But I am sure you have your personal favourite. Be part of it: listen in to our breakfast show (92.4/95.3 FM, weekdays, 6.30-9am, or on the iPlayer) or go to the BBC Radio leeds web site from today to find out how you can vote and join us in the cinema on the night.

Martin Kelner presents the Radio Leeds breakfast show with Katherine Hannah

  • The picture is a publicity still from John Shlesinger's Billy Liar, with Tom Courtenay.

Radio 1 - recovering from the longest show ever

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Ben Chapman | 13:50 UK time, Tuesday, 22 March 2011

Chris Moyles and 'Comedy Dave' Vitty collect their Guinness world record for world's longest radio show.

We all know what it feels like to be tired right? I mean really tired. We love watching people go the extra mile for a good cause and 52 hours is a long time to be awake. 'BBC Radio 1's Longest Show Ever with Chris Moyles and Comedy Dave' hit the mark for many people, including me. Radio 1 listeners raised £2.6 million. Incredible. It was, dare I say it, an emotional moment as we came off air, as it had so clearly captured and motivated our listeners in a way that we were simply not expecting. We could see it, in volume, written large on a gigantic screen in the studio; a flow of Facebook comments, SMS texts, tweets and a donations total wrapped around the BT Tower. It showed us how radio and the internet can work together so well and how far we'd come in terms of using different platforms.

I have no doubt that Chris and Dave would have had plenty of support without the internet or the red button but we have been building around different themes for some time. Trying out different ideas: from social media to empowering our audience with U CRTL Katy (Perry), visualising aspects of our output without damaging the passive radio experience and opening up our relationship with DJs as a compliment to listeners' social media noise. This felt like the coming of age for a new way to interact with listeners.

We simplified our approach: regular updates to Facebook, clear communications about our Twitter hashtag, a flow of visual material to catch up on (people seem particularly keen on seeing Fearne in a swimsuit) and an all-important live video window on the challenge Chris and Dave were undertaking. We had every door open to our audience and they used them.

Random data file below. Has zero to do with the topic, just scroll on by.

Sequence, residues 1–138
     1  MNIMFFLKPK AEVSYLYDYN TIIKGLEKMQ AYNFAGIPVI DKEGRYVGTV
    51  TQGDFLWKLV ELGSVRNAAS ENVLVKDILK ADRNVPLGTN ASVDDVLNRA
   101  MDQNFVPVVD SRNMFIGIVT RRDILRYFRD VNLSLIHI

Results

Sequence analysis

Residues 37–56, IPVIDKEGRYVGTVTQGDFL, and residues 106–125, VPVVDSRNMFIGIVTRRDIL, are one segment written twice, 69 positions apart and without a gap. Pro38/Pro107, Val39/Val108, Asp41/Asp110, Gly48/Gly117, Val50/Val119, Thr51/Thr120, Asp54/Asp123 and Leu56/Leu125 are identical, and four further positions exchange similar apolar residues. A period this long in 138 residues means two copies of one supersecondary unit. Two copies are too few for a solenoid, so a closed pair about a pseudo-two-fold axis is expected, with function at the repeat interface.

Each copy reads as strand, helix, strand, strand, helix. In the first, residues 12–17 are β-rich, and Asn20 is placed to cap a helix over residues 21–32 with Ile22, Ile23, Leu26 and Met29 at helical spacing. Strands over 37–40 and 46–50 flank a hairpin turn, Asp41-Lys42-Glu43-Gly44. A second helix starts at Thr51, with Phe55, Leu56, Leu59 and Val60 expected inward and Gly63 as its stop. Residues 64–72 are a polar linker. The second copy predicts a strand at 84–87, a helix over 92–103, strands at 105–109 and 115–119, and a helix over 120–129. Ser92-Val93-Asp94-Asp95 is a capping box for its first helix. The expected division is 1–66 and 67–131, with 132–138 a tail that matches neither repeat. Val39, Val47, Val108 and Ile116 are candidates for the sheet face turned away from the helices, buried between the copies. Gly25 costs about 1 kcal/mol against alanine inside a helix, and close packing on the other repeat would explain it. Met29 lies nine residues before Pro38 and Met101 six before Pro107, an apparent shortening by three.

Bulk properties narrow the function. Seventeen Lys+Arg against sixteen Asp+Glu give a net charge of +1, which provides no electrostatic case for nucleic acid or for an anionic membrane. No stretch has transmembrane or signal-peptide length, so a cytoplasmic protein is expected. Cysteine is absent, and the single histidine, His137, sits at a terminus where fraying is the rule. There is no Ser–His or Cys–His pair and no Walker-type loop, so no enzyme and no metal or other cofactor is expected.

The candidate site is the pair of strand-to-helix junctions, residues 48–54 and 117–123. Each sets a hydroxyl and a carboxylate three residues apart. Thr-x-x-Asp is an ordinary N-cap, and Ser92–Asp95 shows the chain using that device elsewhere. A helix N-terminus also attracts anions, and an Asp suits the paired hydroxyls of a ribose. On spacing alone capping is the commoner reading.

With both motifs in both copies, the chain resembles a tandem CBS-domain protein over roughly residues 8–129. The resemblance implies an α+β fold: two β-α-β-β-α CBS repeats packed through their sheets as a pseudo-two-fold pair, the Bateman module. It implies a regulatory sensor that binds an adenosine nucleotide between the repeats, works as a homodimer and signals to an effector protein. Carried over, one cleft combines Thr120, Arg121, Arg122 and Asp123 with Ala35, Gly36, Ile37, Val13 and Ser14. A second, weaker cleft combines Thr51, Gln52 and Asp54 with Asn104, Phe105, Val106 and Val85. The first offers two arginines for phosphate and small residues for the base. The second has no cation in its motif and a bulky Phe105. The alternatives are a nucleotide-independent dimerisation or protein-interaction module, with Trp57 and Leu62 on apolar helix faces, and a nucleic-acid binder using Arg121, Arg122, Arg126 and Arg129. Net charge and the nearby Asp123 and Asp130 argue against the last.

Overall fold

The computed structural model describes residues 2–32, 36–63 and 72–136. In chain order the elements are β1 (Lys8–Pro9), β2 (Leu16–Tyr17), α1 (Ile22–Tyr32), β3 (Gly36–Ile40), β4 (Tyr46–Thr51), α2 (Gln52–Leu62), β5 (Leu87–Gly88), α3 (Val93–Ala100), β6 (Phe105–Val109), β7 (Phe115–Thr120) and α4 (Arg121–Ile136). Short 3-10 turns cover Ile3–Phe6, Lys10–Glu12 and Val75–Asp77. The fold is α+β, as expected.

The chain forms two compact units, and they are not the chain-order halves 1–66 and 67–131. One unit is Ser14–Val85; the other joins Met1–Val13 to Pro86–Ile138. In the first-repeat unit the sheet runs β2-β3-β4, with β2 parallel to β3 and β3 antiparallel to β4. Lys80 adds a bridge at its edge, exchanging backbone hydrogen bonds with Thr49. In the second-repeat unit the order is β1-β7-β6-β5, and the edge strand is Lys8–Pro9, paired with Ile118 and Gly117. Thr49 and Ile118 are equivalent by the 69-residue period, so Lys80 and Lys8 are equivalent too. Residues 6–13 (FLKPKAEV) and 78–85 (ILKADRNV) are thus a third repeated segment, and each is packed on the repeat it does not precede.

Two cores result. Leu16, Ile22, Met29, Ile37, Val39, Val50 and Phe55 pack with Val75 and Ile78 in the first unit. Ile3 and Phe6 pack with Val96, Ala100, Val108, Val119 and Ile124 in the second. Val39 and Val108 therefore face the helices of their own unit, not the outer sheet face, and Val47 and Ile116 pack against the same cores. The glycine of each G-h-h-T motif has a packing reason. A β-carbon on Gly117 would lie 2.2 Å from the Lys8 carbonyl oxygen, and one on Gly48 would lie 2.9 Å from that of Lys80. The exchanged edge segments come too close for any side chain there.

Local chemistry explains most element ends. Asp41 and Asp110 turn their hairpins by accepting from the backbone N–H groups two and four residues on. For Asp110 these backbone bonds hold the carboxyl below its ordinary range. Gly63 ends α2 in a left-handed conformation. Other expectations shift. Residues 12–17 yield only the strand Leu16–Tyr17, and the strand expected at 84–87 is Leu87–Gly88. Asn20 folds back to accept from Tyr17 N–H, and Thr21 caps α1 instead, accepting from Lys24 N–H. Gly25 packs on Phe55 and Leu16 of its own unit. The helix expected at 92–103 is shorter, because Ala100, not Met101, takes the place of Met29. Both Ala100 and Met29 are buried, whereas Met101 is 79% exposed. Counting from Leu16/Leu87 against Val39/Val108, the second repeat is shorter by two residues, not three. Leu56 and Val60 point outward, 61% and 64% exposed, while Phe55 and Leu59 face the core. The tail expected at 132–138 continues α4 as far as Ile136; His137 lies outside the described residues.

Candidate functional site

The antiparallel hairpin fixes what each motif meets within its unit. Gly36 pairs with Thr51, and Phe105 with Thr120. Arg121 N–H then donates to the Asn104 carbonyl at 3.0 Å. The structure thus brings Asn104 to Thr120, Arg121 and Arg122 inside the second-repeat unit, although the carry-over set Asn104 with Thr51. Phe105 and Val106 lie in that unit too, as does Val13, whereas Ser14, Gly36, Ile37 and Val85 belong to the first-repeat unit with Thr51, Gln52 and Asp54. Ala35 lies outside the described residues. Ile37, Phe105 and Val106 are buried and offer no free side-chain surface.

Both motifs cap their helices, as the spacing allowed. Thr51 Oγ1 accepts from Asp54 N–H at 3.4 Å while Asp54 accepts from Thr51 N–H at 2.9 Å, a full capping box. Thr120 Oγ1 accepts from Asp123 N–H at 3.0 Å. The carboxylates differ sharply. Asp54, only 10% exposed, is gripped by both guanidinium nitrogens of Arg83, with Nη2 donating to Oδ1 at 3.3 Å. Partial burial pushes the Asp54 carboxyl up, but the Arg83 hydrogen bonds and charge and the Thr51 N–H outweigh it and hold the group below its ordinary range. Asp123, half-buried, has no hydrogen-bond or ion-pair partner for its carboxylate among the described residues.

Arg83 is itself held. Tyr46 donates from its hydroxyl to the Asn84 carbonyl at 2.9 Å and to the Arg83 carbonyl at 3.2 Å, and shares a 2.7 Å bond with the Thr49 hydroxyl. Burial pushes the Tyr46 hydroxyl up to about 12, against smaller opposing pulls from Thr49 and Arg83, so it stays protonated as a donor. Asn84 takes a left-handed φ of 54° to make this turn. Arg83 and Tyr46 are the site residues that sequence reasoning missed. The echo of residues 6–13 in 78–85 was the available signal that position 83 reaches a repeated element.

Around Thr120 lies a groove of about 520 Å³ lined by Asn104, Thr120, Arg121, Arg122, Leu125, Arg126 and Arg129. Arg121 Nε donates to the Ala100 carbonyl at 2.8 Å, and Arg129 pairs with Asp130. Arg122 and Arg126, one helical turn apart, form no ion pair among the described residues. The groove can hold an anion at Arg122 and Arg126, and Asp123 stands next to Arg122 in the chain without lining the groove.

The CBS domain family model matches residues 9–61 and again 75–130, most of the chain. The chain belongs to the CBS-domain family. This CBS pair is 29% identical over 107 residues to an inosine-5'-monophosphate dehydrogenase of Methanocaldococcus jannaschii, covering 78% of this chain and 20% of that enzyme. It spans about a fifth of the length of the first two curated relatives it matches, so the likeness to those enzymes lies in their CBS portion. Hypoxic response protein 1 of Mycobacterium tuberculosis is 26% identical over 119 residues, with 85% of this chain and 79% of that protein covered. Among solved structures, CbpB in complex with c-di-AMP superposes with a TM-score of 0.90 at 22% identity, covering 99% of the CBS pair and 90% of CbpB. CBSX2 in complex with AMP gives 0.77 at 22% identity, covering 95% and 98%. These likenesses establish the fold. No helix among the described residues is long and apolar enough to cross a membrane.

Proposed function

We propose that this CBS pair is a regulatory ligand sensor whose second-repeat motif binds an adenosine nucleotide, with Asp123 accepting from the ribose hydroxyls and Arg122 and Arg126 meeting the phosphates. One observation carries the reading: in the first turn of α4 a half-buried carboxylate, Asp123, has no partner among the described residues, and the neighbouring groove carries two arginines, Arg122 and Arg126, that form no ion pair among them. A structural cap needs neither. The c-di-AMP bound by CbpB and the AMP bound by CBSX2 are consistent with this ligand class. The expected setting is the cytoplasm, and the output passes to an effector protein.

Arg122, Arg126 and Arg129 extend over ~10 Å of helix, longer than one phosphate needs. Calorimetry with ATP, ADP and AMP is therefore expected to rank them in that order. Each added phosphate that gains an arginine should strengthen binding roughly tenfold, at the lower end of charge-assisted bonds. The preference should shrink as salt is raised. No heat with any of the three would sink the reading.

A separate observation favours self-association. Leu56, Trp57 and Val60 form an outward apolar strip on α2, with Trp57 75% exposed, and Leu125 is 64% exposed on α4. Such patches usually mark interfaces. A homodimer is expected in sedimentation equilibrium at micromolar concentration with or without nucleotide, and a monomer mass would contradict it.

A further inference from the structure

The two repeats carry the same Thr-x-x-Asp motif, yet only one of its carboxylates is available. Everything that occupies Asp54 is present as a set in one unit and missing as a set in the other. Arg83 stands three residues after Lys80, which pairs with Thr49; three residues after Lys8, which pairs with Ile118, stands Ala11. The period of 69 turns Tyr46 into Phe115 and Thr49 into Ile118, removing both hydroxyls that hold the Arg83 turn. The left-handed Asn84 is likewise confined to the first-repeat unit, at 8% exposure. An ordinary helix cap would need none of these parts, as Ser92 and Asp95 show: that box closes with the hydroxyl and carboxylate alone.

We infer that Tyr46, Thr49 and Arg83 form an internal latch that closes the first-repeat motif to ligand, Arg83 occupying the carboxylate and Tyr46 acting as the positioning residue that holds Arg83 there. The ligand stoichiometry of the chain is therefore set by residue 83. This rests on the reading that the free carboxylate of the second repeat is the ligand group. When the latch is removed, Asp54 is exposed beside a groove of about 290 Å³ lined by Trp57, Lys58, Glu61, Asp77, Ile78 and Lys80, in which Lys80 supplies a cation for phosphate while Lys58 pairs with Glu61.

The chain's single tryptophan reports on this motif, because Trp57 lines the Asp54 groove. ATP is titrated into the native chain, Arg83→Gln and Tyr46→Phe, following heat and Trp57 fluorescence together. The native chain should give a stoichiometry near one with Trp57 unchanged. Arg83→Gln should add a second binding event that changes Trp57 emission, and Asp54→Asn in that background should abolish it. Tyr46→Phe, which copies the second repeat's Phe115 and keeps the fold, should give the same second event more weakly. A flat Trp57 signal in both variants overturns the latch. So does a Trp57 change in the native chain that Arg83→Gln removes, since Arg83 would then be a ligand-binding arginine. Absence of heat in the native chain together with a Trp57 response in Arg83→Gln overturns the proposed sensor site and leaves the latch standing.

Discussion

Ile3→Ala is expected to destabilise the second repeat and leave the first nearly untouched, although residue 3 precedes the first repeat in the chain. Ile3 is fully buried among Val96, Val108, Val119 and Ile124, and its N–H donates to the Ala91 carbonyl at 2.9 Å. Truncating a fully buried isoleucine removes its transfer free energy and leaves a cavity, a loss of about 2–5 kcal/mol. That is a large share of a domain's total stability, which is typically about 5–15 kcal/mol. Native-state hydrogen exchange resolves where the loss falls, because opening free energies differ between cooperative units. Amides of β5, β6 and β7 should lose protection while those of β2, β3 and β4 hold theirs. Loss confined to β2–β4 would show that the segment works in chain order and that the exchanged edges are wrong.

It meant that you could stick with Chris and Dave, whether you were listening or not, dip in and out, see the impact of donations on a train or at work. Chris and Dave could see you and your support rolling in before their eyes.

It's a pretty humbling experience really when you witness such a positive wave of reaction. It was made all the more strong as Chris and Dave felt permanently propped up by listeners - trending No 1 in the world on Twitter is a great feeling for someone trying to stay awake for 52 hours. So our thanks go to Radio 1 listeners - we are all in awe.

By the way, I have yawned 6 times in remembering the marathon for this blog post and I actually got some sleep last week!

Ben Chapman is Interactive Editor at BBC Radio 1

New digital programmes - and a new name for Radio 7

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Tim Davie Tim Davie | 12:00 UK time, Tuesday, 1 March 2011

Roy Plomley and Noel Coward on Desert Island Discs in 1963, for the 21st anniversary of the programme.

Today we announced a series of new programmes which will be appearing on our digital radio stations. Also, we confirmed that we are changing the name of BBC Radio 7 to BBC Radio 4 Extra in April. You can find all the details in the press release.

Some people have questioned why we are altering a much-loved service: is this just unnecessary management tinkering? Firstly, let me offer a few words of reassurance. Radio 4 Extra will not be fundamentally different to Radio 7. The vast majority of the programming will remain much-loved archive productions, and we will continue to focus on comedy, drama and entertainment rather than offering news or current affairs. The primary reason for change is not to sell digital radios but to ensure more Radio 4 listeners are aware that we offer more of what they love. We'll be offering a more direct link between Radio 4 and Radio 4 Extra. For example, we have confirmed that The Now Show and The News Quiz will offer extended versions on Radio 4 Extra featuring some of the bits that we have had to edit out to fit the programmes into their 30-minute slot on Radio 4.

As you can see we do not intend to take away people's favourite programmes from Radio 4. Perhaps the best example of how we see Radio 4 Extra working, as well as how we can see the digital world as offering a better service to listeners, is our plan for Desert Island Discs. On top of the ongoing Radio 4 programme, we will offer extended programmes on Radio 4 Extra as well as old editions. Meanwhile online we'll launch an amazing archive of 500 programmes that listeners can explore and download.

I hope that even if you have not caught Radio 7 yet, you do take the chance to take a listen to Radio 4 Extra when it launches in April.

Tim Davie is Director of Audio & Music

  • The picture shows Roy Plomley and his guest Noel Coward on the occasion of the twenty-first anniversary of Desert Island Discs in 1963. Coward had been on the list of guests drawn up by Plomley when he devised the programme in 1941.